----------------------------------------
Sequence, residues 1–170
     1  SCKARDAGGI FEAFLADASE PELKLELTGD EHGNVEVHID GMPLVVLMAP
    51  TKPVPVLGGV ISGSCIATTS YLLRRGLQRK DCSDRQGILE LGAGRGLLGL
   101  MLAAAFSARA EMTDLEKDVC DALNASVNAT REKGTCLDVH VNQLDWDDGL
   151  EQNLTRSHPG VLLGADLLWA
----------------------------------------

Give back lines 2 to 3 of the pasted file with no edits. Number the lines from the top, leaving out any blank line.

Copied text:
     1  SCKARDAGGI FEAFLADASE PELKLELTGD EHGNVEVHID GMPLVVLMAP
    51  TKPVPVLGGV ISGSCIATTS YLLRRGLQRK DCSDRQGILE LGAGRGLLGL